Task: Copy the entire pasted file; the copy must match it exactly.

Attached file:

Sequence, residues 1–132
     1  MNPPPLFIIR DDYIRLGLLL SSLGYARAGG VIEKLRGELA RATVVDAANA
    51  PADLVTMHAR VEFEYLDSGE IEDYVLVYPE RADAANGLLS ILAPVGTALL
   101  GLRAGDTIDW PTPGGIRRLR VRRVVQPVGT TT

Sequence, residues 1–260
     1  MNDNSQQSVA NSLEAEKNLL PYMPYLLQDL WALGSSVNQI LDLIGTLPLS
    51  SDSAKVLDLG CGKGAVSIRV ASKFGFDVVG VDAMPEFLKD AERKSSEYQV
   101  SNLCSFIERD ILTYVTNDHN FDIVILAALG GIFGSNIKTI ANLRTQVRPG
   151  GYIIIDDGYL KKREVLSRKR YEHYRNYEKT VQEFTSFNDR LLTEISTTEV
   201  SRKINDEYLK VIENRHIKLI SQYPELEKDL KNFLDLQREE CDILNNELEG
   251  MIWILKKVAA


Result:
Sequence, residues 1–132
     1  MNPPPLFIIR DDYIRLGLLL SSLGYARAGG VIEKLRGELA RATVVDAANA
    51  PADLVTMHAR VEFEYLDSGE IEDYVLVYPE RADAANGLLS ILAPVGTALL
   101  GLRAGDTIDW PTPGGIRRLR VRRVVQPVGT TT

Sequence, residues 1–260
     1  MNDNSQQSVA NSLEAEKNLL PYMPYLLQDL WALGSSVNQI LDLIGTLPLS
    51  SDSAKVLDLG CGKGAVSIRV ASKFGFDVVG VDAMPEFLKD AERKSSEYQV
   101  SNLCSFIERD ILTYVTNDHN FDIVILAALG GIFGSNIKTI ANLRTQVRPG
   151  GYIIIDDGYL KKREVLSRKR YEHYRNYEKT VQEFTSFNDR LLTEISTTEV
   201  SRKINDEYLK VIENRHIKLI SQYPELEKDL KNFLDLQREE CDILNNELEG
   251  MIWILKKVAA